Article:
The data presented in the latest OECD Economic Survey of Ireland suggest that rather than "brain drain" Ireland exhibits "brains exchange", a large proportion of emigrants and immigrants are well qualified.
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Although Ireland has seen remarkable improvements in the health of its population in the last decades, several challenges lie ahead for its health system. Based on available OECD analyses, further progress could be made to promote efficient use of hospital resources, strengthen primary care, address high pharmaceutical spending and prevent the spread of risk factors including obesity and alcohol consumption.
The recovery in the Irish economy is well underway. Determined policy responses to the fiscal, economic and financial sector challenges Ireland faced are now bearing fruit, with Ireland expected to be among the fastest-growing economies in the OECD this year and next.
TThe economic literature suggests that a revenue-neutral shift of tax revenues from income taxes to property taxes would increase GDP per capita in the medium term. This paper analyses for Ireland the consequences of such a shift in the tax mix.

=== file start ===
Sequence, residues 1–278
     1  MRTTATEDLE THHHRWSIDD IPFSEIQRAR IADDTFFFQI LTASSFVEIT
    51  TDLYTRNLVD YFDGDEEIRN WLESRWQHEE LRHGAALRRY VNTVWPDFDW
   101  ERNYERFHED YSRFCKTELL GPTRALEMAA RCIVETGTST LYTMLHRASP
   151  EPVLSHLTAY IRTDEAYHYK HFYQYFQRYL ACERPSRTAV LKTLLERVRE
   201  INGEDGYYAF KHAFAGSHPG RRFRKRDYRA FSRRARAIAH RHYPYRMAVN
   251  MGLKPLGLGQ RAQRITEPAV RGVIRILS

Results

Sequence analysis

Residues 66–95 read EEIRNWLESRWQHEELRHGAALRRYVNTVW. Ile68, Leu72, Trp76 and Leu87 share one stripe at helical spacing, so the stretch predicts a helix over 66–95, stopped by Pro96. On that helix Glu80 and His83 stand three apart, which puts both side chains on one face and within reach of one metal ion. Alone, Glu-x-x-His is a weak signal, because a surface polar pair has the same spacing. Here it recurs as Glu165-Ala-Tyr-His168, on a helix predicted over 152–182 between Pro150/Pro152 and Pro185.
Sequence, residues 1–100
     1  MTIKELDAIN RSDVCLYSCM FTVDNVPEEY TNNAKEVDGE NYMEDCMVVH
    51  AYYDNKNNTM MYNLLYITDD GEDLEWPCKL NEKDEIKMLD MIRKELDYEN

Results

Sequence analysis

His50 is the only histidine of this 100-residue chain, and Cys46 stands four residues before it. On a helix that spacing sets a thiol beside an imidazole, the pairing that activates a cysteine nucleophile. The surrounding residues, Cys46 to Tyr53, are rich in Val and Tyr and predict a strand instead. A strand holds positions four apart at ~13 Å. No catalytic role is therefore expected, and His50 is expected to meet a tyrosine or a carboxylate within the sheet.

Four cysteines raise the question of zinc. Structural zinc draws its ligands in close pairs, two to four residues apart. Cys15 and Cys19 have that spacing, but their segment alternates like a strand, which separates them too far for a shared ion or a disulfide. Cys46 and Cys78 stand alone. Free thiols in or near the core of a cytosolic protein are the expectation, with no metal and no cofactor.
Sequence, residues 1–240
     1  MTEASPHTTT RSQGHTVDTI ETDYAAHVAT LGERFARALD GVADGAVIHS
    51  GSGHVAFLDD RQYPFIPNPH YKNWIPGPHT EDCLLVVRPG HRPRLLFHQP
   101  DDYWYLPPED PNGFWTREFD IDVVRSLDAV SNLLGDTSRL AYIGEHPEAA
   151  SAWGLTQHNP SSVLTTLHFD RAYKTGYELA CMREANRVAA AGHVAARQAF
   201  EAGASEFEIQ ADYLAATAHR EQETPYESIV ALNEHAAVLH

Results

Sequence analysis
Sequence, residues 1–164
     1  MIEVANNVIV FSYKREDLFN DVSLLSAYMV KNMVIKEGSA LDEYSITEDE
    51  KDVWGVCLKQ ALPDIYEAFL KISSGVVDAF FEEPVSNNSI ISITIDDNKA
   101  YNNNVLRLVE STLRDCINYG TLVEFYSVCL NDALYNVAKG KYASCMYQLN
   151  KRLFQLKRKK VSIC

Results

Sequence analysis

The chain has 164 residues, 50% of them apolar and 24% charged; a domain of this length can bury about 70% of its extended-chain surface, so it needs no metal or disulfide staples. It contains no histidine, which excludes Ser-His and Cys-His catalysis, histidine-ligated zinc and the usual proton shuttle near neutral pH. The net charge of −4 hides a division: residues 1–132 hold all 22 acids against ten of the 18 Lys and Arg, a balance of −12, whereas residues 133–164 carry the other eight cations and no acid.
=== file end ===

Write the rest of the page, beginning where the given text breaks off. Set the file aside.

This paper analyses income inequality in Ireland using a new panel dataset based on the administrative tax records of the Revenue Commissioners for Ireland.
The 2015 edition introduces more detailed analysis of participation in early childhood and tertiary levels of education. The report also examines first generation tertiary-educated adults’ educational and social mobility, labour market outcomes for recent graduates, and participation in employer-sponsored formal and/or non-formal education.
A strong commitment to reform and a business-friendly environment have helped Ireland return to robust economic expansion, offering the government an opportunity to heal the scars of the crisis, according to the latest OECD Economic Survey of Ireland.
The Secretary-General presented the 2015 OECD Economic Survey of Ireland with Minister of Finance Michael Noonan, delivered a lecture on policy challenges for the next 50 years, signed a corporate internship programme at Trinity College Dublin, and held a series of bilateral meetings.
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Ireland was hit hard by the financial crisis and the labour market has yet to fully mend. The unemployment rate more than tripled from 4.6% in Q1 2007 to its peak of 15.1% in Q4 2011.
After three years of sacrifice, hard work and difficult reform, Ireland has fought its way out of the depths of the financial crisis to become one of the fastest-growing economies in Europe and one of the best countries in the world in which to do business.